UI Testing with Nightwatch.js, Headless Chrome, and Docker: Part 2

AWS CodeBuild vs. Travis CI

In Part 1, I discussed running Selenium and Chrome headless mode on Docker. Originally the plan was to use AWS CodePipeline and AWS CodeBuild to run the Docker container and the smoke tests for my website.

Everything was running great in the Docker container on my machine. Then when I tried to run it on AWS CodeBuild I got this error:

Build container found dead before completing the build. Build container died because it was out of memory, or the Docker image was missing glibc

Dead!?! Oh man… what can we do? The error is pretty vague and doesn’t make a lot of sense. I’m pretty sure I have enough RAM and that I have glibc. I tried a few things, including scouring Google and explicitly adding libglib2.0 to the apt-get installs at the top of my Dockerfile. Then I just removed everything besides the base install and started adding it back again until I narrowed down the offending line, which turned out to be:

USER headless

All this does is switch from root to the user I created. So if it’s not run as root it doesn’t think it has glibc? OK… but either way now I’m seeing a new issue. The Selenium server is running fine on my local Docker container but not in AWS CodeBuild.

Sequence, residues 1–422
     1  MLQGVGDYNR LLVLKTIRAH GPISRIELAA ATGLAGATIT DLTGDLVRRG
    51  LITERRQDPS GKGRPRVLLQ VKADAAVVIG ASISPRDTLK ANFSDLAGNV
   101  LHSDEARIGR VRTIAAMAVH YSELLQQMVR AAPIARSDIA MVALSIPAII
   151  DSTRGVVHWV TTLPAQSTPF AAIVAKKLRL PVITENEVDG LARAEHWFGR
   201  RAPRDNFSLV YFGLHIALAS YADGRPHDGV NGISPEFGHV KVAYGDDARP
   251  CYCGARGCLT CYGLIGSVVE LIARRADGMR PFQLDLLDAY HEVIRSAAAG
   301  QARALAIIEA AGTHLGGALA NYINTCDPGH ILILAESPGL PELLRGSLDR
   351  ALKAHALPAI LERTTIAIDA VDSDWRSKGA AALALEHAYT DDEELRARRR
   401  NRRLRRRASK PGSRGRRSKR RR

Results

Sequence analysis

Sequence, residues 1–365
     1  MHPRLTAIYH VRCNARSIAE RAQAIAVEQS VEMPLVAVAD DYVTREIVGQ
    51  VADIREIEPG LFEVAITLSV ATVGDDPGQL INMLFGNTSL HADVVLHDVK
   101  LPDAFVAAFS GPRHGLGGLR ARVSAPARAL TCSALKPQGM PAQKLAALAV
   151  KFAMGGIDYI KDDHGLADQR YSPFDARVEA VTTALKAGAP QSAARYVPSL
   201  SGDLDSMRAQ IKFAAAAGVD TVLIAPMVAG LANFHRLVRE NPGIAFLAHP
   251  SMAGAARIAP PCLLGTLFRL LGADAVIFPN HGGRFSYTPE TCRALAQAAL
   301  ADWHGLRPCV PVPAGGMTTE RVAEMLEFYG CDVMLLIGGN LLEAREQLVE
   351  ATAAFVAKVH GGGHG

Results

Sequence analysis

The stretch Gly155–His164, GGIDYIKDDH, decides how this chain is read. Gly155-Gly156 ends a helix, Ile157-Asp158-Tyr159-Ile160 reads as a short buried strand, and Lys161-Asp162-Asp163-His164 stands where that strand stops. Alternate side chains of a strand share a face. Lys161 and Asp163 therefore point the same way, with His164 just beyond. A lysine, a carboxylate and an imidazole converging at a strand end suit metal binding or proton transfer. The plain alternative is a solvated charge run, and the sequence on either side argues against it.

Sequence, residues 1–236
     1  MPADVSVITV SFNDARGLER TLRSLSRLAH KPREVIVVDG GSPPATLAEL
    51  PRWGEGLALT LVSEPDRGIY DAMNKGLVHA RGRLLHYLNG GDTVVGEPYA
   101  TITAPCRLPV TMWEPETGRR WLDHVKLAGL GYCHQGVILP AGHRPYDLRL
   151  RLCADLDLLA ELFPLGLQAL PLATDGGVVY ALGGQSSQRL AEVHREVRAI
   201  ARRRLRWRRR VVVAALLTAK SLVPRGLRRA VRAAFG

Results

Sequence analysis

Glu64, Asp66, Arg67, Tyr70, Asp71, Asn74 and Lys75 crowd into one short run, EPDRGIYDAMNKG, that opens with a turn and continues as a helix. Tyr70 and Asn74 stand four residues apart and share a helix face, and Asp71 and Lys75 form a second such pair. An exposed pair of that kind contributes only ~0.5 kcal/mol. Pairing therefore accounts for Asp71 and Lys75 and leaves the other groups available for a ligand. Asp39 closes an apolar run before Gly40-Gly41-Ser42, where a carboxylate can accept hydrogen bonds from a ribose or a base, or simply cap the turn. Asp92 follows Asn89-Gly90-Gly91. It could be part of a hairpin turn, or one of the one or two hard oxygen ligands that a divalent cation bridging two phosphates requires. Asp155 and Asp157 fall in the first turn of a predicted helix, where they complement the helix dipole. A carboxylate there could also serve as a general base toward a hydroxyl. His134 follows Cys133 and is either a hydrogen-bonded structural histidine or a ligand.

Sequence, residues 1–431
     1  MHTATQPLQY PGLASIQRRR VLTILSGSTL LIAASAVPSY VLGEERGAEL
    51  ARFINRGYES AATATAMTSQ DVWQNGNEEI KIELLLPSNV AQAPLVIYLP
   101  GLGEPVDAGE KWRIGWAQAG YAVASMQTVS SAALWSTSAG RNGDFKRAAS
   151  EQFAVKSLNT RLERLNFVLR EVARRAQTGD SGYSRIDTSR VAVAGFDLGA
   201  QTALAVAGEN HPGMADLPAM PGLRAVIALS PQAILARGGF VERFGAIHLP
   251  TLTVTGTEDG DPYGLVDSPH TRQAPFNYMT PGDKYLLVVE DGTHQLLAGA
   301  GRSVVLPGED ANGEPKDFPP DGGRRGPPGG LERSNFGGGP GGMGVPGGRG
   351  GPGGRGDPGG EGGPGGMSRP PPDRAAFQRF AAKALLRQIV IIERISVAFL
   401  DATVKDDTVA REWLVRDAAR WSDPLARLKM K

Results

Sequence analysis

At this point I decided to leave AWS CodePipeline and AWS CodeBuild and find another CI server. At first I thought AWS CodePipeline seemed really cool, but it began to feel limiting.

AWS CodePipeline

After looking through some of the several options out there, I settled on Travis CI. I was actually using Travis already for one of my libraries. In my opinion it’s nicer than AWS CodeBuild, so going back to it was an alluring thought.

Travis CI

I had never used Docker before with Travis though. As with AWS CodeBuild there were some differences from when I ran it on my local machine. However, I found an amazing tool called WWTD (What Would Travis Do) which lets you simulate how Travis will act when you run the build. This sped up things significantly.

One issue I had with Travis is getting it to upload the build artifacts (the result of npm run build) to AWS Elastic Beanstalk. By default it just uploaded the original source code from GitHub, and its documentation isn’t that clear about how to deploy build artifacts.

I found though if you zip the contents of your build folder and then specify the zip_file field in the .travis.yml file, it works. According to its source code, Travis creates a zip file behind the scenes if you don’t specify one, so it’s expecting to deploy a zip file anyway.

Here are the relevant parts of the .travis.yml file:

script:
- docker run --name dc kenfehling/node-selenium-chrome:latest & sleep 1
- docker cp server dc:.
- docker exec dc bash -c "cd server; npm test"
before_deploy:
- cd server; zip -qr ../server.zip .; cd ..
deploy:
provider:
elasticbeanstalk
skip_cleanup: true
zip_file: server.zip

This was kind of a wild ride. I started out with AWS CodeDeploy and AWS CodeBuild and moved to Travis CI. In the end it was kind of a lot of trouble to go to for couple of smoke tests, but it was an enlightening experience. Docker is really cool and a fun way to play with Linux. I’ll definitely be using it for more things in the future.